A photo of my backyard

Beautiful snow is finally falling here in the Des Moines area. The boys are peacefully napping so I get a little quiet time to reflect on this imspiring past week.

Last weekend I attended the Practical Farmers of Iowa annual conference. This was my second year in attendance and I left feeling educated and energized for the 2017 farm season. A common theme I’m taking away from the conference is the critical importance of soil health.  Crop yields, water retention, pest issues, etc. can all be connected to fertility of soil.   

Here are some of the memorable sessions I attended:

  • Patrice Gros runs Foundation Farm in Arkansas and uses no till methods to enhance his soil.  He uses unique growing methods, and has a very profitable farm.  
  • Ajay Nair is an assistant professor from the Department of Horticulture at ISU and he shared a wealth of information on building soil fertility specific to a vegetable farm.
  • Mark Quee is the farm manager at Scattergood Friends School, in West Branch, and he gave a good talk on his use of cover crops for their farm.

Another thing I love about the conference is getting to connect with my fellow farmers. It's great to talk shop with farming friends at an event like this because in the thick of the season it can be difficult to be as available for each other.  

I was also able to meet other participants in the P.F.I. Savings Incentive Program. We ate lunch together and had a nice gathering after the conference.  There is a wide variety of farmers involved with this years SIP program from organic vegetables to livestock, but we all working to become better farmers and better stewards of the land.

At the conference, I had my first meet-up with my SIP mentor, Jill Bebout from Blue Gate Farm.  I’m so excited to be partnered with Jill.  She has a wealth of farming knowledge and she will be a great resource for me as a beginning farmer.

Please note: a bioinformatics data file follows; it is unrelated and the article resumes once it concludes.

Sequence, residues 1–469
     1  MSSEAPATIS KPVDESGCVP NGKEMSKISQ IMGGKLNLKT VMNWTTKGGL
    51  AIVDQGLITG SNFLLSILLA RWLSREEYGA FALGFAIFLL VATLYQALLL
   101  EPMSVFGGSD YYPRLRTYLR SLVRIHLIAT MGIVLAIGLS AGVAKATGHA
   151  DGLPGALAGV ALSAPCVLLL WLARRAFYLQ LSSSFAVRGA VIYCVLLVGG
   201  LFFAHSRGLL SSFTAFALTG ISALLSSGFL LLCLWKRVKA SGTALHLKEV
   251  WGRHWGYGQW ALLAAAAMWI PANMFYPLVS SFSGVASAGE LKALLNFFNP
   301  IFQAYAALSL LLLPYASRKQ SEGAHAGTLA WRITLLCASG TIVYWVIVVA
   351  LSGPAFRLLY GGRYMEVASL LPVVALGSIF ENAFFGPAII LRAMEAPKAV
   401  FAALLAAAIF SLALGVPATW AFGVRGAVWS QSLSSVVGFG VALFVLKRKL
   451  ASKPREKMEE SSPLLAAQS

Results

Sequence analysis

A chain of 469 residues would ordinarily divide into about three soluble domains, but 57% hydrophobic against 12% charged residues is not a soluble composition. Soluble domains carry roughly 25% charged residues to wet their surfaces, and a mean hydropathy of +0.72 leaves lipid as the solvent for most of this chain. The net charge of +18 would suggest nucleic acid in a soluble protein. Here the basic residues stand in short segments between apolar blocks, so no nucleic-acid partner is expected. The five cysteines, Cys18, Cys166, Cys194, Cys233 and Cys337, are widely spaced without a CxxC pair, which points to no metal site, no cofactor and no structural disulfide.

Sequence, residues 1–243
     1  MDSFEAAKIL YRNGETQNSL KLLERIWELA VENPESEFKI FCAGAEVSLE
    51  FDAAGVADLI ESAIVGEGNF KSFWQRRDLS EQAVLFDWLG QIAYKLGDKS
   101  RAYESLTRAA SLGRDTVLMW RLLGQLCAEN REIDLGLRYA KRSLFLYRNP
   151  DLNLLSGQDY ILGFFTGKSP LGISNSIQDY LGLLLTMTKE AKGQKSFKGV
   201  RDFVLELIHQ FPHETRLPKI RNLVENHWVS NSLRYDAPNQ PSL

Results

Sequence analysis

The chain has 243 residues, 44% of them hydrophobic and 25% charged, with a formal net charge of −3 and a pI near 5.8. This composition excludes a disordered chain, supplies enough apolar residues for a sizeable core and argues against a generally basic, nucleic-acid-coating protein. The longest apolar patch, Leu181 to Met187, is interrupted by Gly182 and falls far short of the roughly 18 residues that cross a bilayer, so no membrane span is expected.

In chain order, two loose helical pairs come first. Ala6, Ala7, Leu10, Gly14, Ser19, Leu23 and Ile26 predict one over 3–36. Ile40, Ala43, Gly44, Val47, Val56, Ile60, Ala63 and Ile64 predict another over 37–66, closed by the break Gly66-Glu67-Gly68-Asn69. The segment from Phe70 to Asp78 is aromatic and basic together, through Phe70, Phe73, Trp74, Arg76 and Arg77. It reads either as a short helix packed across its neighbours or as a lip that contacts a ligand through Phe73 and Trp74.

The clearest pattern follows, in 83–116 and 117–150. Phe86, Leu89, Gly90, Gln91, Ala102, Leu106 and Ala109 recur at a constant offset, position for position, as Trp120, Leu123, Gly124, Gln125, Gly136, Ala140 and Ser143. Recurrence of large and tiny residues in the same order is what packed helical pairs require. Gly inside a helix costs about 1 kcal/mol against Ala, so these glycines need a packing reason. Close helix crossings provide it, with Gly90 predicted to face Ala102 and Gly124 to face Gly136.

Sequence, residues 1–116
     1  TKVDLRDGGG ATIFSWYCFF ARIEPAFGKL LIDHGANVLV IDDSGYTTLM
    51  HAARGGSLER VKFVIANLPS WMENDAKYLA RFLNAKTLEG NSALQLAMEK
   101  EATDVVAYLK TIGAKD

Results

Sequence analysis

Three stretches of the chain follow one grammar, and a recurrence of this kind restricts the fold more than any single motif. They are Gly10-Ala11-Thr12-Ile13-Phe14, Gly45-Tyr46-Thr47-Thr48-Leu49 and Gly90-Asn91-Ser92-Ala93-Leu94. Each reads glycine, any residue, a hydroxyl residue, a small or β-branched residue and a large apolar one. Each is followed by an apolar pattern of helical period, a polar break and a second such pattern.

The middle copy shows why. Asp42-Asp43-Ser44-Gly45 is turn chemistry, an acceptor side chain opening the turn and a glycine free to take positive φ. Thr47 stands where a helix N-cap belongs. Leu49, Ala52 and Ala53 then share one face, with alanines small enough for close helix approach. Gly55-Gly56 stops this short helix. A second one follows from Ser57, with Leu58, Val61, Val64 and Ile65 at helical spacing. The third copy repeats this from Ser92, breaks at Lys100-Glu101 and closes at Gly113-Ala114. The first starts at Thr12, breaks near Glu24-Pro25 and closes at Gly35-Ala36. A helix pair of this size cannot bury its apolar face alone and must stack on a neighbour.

In other news, Dowling Catholic High School did an article on the farm in their recent publication, “Focus.”  As a DCHS graduate and former teacher, it was very exciting to be approached about an article. You can read the article here

I spent almost six hours on Tuesday knocking out my crop planning for 2017.  It’s a difficult process for many farmers, but being a beginning farmer seems to make it even more challenging.  Crop planning is essentially a jigsaw puzzle for farmers.  While planning, you have to consider crop rotations, pest issues, climate, soil types, etc.  It’s no easy task.  That said, I’m really happy with the set up.  Now that the task is complete, I know exactly where I will be planting which seeds throughout the season and when they will be planted.  What is also exciting is I now have a much deeper understanding of crop planning and it should only get easier in years to come.  

A screenshot of a portion of my crop planning.

I’m really happy that all of my beds will get cover crops at some point in 2017.  A third of my beds will be planted with buckwheat cover crops in July, while the rest of the beds will get a combo of rye/pea cover crops in mid October.  Cover crops serve many functions that all revolve around soil health.  I’m planting the cover crops to increase organic matter, as a method of weed control, and also to fix nitrogen in the soil.  Growing intensively on less than ¼ of an acre can make cover cropping a challenge.  Many farmers will designate specific areas to be cover cropped for long periods of time, but I don’t have that luxury because I don’t have excess amounts of land.  I’m hopeful the system I have in place this season will work well and I will continue to incorporate cover crops into my crop planning each year.

With all the crop planning finished, I have been able fill my seed orders!  I love flipping through seed catalogs and deciding what to grow for the season.  I'll be growing many of the same things as last season, but I am most excited for the addition of edible flowers.  I'm experimenting with growing Nasturtium, Gem Marigolds, Viola, Bachelor's Buttons, and Dianthus.  Since much of what I grow focuses on salads, I figured edible flowers were a perfect addition to my arsenal.  I'm a rookie with edible flowers, so hopefully I have success! 

Now, off to finish taxes!